Pioneer spirit can live on as media fragments

The rise of large media specialists may seem to signal the end for individuals keen to

Some industries are clearly magnets which attract people who have a strong spark of entrepreneurial spirit.

Traditionally advertising agencies have been such hothouses, and more recently media specialists have joined them.

That is just as well. This characteristic has provided the lifeblood of an industry which regularly rejuvenates itself by piggybacking on the best of the next generation’s energy and drive.

This magnetism is in part maintained by a hope that anyone with the talent, drive and luck can one day start their own business.

When we started Pattison Horswell Durden, it felt as if in the wake of the formation and success of Zenith, people still wanted the individual to succeed.

Our good fortune was being given the time to build our business organically, using an alternative proposition to the prevailing industry trend towards buying clout.

But that buying bandwagon has now slowed, and the whole sector has matured into adulthood and broadened its perspective. Indeed, we decided to sell our company to Abbott Mead Vickers.BBDO in order to create a top five specialist by size, hopefully with the reputation for innovation in planning forged through years of defiant endeavour.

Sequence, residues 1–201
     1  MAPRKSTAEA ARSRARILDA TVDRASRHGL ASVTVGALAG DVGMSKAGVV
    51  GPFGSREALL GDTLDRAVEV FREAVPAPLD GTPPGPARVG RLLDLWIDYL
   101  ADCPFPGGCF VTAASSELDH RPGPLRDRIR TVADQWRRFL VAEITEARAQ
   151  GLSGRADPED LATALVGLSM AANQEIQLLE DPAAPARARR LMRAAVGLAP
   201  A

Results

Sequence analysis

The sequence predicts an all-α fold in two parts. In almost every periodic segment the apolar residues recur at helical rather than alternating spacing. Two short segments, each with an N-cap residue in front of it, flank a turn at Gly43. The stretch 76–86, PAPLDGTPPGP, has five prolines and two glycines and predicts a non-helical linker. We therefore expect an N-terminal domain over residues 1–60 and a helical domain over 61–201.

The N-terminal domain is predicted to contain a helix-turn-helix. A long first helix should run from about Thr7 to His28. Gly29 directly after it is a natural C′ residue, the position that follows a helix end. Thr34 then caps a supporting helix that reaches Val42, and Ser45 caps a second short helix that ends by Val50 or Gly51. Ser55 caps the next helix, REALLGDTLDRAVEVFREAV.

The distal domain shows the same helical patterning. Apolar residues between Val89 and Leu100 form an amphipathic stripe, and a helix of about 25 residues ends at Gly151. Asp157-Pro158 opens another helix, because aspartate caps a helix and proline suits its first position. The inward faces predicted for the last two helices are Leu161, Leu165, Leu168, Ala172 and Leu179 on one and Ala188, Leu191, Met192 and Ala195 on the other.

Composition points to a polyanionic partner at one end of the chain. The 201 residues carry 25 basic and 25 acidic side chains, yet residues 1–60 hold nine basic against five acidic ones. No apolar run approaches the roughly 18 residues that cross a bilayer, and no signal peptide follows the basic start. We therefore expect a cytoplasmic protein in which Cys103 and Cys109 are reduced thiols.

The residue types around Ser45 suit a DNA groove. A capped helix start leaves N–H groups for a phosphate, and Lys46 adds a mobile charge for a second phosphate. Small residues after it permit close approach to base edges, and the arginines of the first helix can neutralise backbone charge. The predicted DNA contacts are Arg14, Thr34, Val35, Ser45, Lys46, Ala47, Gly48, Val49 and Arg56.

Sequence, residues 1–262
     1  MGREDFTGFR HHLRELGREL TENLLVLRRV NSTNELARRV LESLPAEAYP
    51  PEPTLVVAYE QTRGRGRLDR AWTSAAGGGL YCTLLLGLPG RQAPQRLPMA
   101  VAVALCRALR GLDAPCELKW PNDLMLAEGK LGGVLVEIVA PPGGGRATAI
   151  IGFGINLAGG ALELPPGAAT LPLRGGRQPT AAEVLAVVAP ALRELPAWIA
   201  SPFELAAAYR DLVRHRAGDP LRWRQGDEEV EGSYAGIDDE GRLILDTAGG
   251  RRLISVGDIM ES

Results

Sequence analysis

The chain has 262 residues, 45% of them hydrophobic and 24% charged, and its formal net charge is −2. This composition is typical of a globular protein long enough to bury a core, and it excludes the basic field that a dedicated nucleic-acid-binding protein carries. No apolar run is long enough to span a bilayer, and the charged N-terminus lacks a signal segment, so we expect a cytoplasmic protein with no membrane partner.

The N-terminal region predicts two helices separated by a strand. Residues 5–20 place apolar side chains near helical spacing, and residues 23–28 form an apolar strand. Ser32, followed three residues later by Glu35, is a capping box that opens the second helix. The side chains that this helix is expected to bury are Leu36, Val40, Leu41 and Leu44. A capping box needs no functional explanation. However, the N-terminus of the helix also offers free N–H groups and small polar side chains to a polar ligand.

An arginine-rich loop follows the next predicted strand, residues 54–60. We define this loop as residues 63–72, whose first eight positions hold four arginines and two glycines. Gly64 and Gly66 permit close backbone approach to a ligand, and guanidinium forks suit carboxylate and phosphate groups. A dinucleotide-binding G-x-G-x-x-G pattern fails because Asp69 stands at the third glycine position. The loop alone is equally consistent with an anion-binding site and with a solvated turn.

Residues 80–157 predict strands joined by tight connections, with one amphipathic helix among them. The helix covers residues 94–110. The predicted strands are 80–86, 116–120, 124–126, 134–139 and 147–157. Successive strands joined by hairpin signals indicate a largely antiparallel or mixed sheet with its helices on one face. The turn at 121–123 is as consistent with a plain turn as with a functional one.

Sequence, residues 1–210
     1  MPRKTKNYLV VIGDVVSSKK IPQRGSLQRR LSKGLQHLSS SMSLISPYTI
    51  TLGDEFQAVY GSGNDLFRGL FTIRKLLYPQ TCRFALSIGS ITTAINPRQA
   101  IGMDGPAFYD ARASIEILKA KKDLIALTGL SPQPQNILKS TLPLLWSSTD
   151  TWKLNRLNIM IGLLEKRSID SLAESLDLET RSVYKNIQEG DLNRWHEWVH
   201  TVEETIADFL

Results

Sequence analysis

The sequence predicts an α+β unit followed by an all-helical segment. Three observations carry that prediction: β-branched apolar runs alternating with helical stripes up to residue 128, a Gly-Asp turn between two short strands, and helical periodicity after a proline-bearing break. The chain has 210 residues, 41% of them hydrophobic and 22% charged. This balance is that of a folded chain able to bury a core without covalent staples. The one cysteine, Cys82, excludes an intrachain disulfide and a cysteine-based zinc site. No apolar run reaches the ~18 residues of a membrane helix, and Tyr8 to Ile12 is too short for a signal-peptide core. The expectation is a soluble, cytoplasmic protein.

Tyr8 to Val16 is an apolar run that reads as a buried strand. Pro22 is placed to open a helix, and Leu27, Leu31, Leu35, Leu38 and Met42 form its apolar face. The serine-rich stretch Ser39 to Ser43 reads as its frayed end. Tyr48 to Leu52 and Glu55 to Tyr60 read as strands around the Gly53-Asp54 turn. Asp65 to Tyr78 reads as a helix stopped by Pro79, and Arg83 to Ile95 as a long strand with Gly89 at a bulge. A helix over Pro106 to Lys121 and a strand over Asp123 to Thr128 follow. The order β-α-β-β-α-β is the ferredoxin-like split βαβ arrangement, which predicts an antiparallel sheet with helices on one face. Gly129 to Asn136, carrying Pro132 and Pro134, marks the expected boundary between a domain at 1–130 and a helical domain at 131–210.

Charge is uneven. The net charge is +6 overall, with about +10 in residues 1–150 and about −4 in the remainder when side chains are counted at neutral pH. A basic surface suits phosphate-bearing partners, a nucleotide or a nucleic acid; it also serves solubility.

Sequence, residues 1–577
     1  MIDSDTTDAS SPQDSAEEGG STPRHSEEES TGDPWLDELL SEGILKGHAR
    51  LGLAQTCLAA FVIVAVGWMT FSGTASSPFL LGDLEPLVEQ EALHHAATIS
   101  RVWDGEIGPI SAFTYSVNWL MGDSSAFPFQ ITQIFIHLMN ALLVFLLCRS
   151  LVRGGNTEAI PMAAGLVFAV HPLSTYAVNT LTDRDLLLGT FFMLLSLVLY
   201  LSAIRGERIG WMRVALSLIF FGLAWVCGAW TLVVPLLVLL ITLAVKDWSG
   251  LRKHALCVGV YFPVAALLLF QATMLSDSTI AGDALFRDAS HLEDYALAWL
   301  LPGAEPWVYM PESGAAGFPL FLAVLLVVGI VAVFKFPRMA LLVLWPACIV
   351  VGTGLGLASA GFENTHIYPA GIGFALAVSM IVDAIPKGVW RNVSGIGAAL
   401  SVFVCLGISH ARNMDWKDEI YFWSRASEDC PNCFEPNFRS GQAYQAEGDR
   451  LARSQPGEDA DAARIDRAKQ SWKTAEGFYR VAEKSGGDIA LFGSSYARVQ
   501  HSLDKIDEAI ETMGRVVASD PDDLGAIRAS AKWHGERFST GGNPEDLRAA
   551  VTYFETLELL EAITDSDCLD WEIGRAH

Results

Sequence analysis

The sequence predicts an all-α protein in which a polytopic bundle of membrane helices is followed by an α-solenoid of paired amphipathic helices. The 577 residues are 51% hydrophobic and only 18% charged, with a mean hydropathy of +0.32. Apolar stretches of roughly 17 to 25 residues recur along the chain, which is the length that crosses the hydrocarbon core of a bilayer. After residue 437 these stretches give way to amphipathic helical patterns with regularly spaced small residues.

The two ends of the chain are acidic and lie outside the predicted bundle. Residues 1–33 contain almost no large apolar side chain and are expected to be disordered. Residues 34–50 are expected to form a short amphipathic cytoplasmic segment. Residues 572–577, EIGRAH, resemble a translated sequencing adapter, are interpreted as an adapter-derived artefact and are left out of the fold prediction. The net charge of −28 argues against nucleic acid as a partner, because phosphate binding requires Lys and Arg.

What does this all mean for new launches in the sector?

With the emergence of a media specialist super league – mostly owned by multinationals, or shareholders – you might think that setting up a new venture would have as much viability as the Duchess of York becoming a successful supermodel.

I believe that if this were true then our industry would be in danger of repelling the next genera tion of ambitious entrepreneurs as surely as reversing the polarity of a magnet. After all, with respect, no one joins BP in the hope of eventually owning their own oil company.

Perhaps we could all look forward to a media dark age of commodity trading and administration -based systems, run by bespectacled finance people.

Happily, I foresee a quite different scenario.

The expansion of media specialists into areas such as sponsorship, events, publishing and even editorial territories along with new technology and methods will cause a fragmentation of media services. There is going to be more and more room for pioneers.

Buying muscle is becoming a hygiene factor, a minimum standard consideration by clients of a certain type and scale.

But specialist expertise and the application of intelligence will always be in short supply and be an even more highly prized service in the very near future. Interpreters not mechanics will rule.

I have a hunch that the next couple of years may see the birth of a new breed of media-based services which will focus on this more ethereal, but fertile, ground for their sustenance.

While, parochially, it would be unwelcome competition for us, it would be healthy for the sector as a whole.

In the long term, talented, ambitious people must be assured that the word “entrepreneur” is still a valued one, and that personal enterprise is still a realistic possibility in the media business.

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